Physician Survey Reveals Misperception on Rx Misuse and Abuse

September 16, 2010

A survey of physicians reveals that misperceptions regarding the misuse and abuse of opioids are widespread.

A survey of physicians reveals that misperceptions regarding the misuse and abuse of opioids are widespread.

The survey was sponsored by the American Pain Foundation and found that 56% of physicians believe only a small number of their patients misuse or abuse prescription opioids. Additionally, 52% believe that the majority of cases of opioid abuse do not involve tampering with the medication’s delivery system. Previous research demonstrates that 80% of prescription medication abusers seeking treatment chew, snort, or use intravenous administration of oral medications to achieve an immediate high.

The Substance Abuse and Mental Health Services Administration statistics released today, Sept. 16, reveal that the use of illicit drugs among Americans increased between 2008 and 2009. “The National Survey on Drug Use and Health (NSDUH) shows the overall rate of current illicit drug use in the United States rose from 0.8 percent of the population ages 12 and older in 2008 to 8.7 percent in 2009.” The study demonstrated this increase was “driven in large part by increases in marijuana use.”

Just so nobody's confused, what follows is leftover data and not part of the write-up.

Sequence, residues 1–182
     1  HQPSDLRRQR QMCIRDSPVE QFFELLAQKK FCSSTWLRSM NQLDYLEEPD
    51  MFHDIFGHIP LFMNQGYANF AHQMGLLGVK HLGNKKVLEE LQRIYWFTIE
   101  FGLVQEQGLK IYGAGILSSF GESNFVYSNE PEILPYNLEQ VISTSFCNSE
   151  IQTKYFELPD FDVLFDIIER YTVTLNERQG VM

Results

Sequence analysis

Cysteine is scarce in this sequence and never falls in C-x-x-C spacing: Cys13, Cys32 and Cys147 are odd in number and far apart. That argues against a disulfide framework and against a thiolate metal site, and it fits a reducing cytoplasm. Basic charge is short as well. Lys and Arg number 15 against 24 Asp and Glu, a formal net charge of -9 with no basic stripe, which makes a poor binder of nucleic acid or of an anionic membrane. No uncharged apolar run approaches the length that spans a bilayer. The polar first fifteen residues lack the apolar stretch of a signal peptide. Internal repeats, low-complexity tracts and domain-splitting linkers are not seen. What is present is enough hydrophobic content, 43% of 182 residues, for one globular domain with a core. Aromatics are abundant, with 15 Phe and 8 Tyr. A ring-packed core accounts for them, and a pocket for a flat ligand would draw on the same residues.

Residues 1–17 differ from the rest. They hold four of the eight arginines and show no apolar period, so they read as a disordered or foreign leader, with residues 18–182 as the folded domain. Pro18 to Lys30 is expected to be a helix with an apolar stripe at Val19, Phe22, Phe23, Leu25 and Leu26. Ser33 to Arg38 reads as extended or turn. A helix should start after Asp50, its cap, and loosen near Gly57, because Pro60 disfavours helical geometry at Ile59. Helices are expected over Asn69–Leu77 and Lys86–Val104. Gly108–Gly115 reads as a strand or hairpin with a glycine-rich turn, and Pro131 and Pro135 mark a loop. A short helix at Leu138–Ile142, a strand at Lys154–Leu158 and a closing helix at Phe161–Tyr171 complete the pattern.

In 2009, the NSDUH study revealed in 2008 35 million Americans ages 12 and older reported nonmedical use of prescription opioids during his or her lifetime.

The co-sponsored American Pain Foundation survey of physicians found that physicians are acutely aware of the dangers of opioid misuse and abuse. The majority also agree that most recreational users obtain the products from a legitimate prescription, but only 41% surveyed said they personally do not take steps to prevent the misuse and abuse of opioids in their own homes.

“These survey results highlight common misunderstandings about these medications, which can be addressed in the health care provider’s office.” Rowe said, in a press release. “By initiating an open dialogue about responsible pain management before and throughout the course of treatment, both clinicians and their patients can become part of the solution to this public health issue.”

The American Pain Foundation recommended that certain key issues should be discussed, including: proper dosing, storage and disposal of prescription, and the consideration of new treatment options.